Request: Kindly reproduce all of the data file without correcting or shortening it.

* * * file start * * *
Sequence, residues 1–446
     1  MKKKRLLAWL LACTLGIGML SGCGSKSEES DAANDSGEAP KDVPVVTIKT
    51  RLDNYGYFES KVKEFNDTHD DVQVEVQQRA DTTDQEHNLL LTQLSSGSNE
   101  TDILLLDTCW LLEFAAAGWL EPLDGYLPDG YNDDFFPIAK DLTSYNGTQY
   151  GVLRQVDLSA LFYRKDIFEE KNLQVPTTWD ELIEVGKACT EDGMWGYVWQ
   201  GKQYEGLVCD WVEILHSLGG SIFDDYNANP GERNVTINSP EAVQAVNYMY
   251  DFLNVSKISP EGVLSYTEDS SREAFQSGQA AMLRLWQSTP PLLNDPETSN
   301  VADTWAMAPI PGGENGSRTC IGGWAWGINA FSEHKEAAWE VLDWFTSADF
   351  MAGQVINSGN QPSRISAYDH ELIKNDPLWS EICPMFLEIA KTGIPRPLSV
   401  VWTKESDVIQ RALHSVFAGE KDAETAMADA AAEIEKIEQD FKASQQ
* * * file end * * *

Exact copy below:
Sequence, residues 1–446
     1  MKKKRLLAWL LACTLGIGML SGCGSKSEES DAANDSGEAP KDVPVVTIKT
    51  RLDNYGYFES KVKEFNDTHD DVQVEVQQRA DTTDQEHNLL LTQLSSGSNE
   101  TDILLLDTCW LLEFAAAGWL EPLDGYLPDG YNDDFFPIAK DLTSYNGTQY
   151  GVLRQVDLSA LFYRKDIFEE KNLQVPTTWD ELIEVGKACT EDGMWGYVWQ
   201  GKQYEGLVCD WVEILHSLGG SIFDDYNANP GERNVTINSP EAVQAVNYMY
   251  DFLNVSKISP EGVLSYTEDS SREAFQSGQA AMLRLWQSTP PLLNDPETSN
   301  VADTWAMAPI PGGENGSRTC IGGWAWGINA FSEHKEAAWE VLDWFTSADF
   351  MAGQVINSGN QPSRISAYDH ELIKNDPLWS EICPMFLEIA KTGIPRPLSV
   401  VWTKESDVIQ RALHSVFAGE KDAETAMADA AAEIEKIEQD FKASQQ